HLF Witness Doesn't Accept Evidence Linking Charity to HAMAS
September 6, 2007
Cross examination of former U.S. Consul General Edward Abington continued Wednesday at the terror-support trial of five Holy Land Foundation for Relief and Development (HLF) officials. Abington, who served at the U.S. consulate in Jerusalem, has testified that Palestinian charity committees supported by HLF benefited needy Palestinians and did not help HAMAS, as the prosecution claims.
Prosecutor Barry Jonas tried to challenge Abington's assertion Wednesday, identifying members of those charity groups, known as zakat committees, who had HAMAS affiliations. Tuesday, Abington referred to zakat committees as "organizations run by pious individuals."
If that's the case, Jonas asked, how would Abington explain materials glorifying HAMAS leaders and the group's violence that Israeli security forces found during raids in 2002? Those materials included posters of HAMAS leaders Sheikh Ahmed Yassin and Yehya Ayyash, the bomb maker known as "the Engineer," and the "father of martyrdom operations." Other images offered into evidence at the trial include videos and keychains.
Abington said he had seen the posters, too, while visiting the committees but denied their presence meant the group was linked to HAMAS. Under later questioning by defense attorney Nancy Hollander, Abington said having one or more HAMAS supporters at a zakat committee doesn't mean the committee is controlled by HAMAS.
Jonas showed a picture found in a zakat committee of a bus being burned by suicide bombers and asked Abington whether the picture meant anything to him. The picture "represents the daily life of Palestinians," Abington said. Does daily Palestinian life include suicide bombings? Jonas asked.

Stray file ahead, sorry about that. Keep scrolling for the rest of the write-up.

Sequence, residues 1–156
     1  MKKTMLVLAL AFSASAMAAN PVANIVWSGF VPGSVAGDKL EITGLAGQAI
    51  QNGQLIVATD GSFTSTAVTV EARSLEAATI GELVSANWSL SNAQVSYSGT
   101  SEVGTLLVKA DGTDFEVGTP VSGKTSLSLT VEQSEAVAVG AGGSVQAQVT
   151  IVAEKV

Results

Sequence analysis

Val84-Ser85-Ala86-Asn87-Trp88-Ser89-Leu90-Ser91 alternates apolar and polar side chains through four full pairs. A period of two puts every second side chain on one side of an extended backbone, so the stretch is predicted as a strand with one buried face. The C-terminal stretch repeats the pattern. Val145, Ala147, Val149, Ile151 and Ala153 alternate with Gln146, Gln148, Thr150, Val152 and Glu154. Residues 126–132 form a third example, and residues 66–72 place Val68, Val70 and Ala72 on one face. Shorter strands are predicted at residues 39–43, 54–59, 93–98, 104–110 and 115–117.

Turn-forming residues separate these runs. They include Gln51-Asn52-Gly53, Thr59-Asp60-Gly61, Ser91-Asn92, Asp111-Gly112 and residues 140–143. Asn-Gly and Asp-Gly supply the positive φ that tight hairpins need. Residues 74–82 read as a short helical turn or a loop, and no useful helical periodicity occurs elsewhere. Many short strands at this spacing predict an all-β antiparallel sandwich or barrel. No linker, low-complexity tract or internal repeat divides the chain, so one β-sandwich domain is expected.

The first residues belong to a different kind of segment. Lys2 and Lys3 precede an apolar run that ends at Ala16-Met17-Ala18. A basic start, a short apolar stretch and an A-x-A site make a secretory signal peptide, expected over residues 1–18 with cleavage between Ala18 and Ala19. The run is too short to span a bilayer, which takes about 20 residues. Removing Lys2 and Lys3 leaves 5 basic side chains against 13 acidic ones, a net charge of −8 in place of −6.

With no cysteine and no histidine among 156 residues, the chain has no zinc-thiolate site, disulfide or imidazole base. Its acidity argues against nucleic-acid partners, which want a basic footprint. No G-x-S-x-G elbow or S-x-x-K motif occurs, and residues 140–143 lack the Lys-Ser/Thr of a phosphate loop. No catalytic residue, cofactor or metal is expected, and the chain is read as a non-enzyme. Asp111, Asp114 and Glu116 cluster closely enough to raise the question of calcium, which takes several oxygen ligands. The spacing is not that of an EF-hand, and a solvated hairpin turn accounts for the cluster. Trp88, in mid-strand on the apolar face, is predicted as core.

"Daily life includes Palestinians being shot by Israelis," Abington said.
Abington was asked what he knew about different zakat committees, such as one in Ramallah, where an associate was involved in planning a July 1997 suicide bombing at Jerusalem's Mahane Yehuda market.
Abington also was asked about a 1991 letter found in the home of unindicted co-conspirator Ismail Elbarrasse, a former assistant to HAMAS deputy political leader Mousa Abu Marzook, that described the Qalqilya zakat committee as "ours and it is guaranteed." Abington said he didn't know anything about it.
As he did Tuesday, Abington questioned information from Israeli intelligence, saying the information was of "questionable reliability" and he would not believe the evidence the Israelis seized from the charities.
Abington denied all links between HLF and the Muslim Brotherhood. When asked whether HAMAS was the Palestinian chapter of the Brotherhood, Abington said that he saw HAMAS as a "descendent" of the Brotherhood but that it was no longer affiliated with it.
Jonas asked Abington about a 1995 letter by a HAMAS spokesman to Senator Orrin Hatch threatening "a wave of outrage against the United States" if the U.S. continued to detain Marzook, who was then being held for extradition on an Israeli murder warrant.
Abington was the consul general at the time. He said he advised the Clinton administration that sending Marzook to Israel would generate serious consequences. When asked to explain what that meant, Abington said deporting Marzook to Israel would provoke serious anti-American sentiment in the Arab world and Palestine.
Abington was asked what he knew of the Islamic Charitable Society of Hebron, a recipient of HLF money. On Tuesday, he denied the charity was linked to HAMAS. When Jonas challenged that assertion, Abington said that "no one has all the information on their fingertips" and he made the statement from the information available to him at the time.
Abington said that he had no knowledge of HLF's links to HAMAS and described HLF as "a Palestinian American organization that provided relief to needy Palestinians."